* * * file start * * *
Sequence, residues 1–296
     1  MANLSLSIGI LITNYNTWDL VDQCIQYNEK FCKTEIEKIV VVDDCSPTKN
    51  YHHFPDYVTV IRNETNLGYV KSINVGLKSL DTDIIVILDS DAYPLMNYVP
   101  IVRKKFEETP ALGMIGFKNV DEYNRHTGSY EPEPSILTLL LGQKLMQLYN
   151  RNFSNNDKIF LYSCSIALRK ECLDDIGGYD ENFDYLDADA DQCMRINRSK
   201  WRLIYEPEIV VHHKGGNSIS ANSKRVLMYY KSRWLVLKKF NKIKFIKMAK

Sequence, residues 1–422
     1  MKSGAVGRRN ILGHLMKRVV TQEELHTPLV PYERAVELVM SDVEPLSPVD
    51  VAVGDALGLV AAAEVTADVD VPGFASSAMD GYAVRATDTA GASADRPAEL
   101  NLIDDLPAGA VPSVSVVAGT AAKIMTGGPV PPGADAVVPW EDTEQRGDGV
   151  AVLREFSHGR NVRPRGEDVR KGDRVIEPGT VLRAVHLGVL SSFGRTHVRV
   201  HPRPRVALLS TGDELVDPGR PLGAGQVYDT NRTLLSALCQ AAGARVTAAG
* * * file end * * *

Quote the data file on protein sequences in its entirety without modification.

Sequence, residues 1–296
     1  MANLSLSIGI LITNYNTWDL VDQCIQYNEK FCKTEIEKIV VVDDCSPTKN
    51  YHHFPDYVTV IRNETNLGYV KSINVGLKSL DTDIIVILDS DAYPLMNYVP
   101  IVRKKFEETP ALGMIGFKNV DEYNRHTGSY EPEPSILTLL LGQKLMQLYN
   151  RNFSNNDKIF LYSCSIALRK ECLDDIGGYD ENFDYLDADA DQCMRINRSK
   201  WRLIYEPEIV VHHKGGNSIS ANSKRVLMYY KSRWLVLKKF NKIKFIKMAK

Sequence, residues 1–422
     1  MKSGAVGRRN ILGHLMKRVV TQEELHTPLV PYERAVELVM SDVEPLSPVD
    51  VAVGDALGLV AAAEVTADVD VPGFASSAMD GYAVRATDTA GASADRPAEL
   101  NLIDDLPAGA VPSVSVVAGT AAKIMTGGPV PPGADAVVPW EDTEQRGDGV
   151  AVLREFSHGR NVRPRGEDVR KGDRVIEPGT VLRAVHLGVL SSFGRTHVRV
   201  HPRPRVALLS TGDELVDPGR PLGAGQVYDT NRTLLSALCQ AAGARVTAAG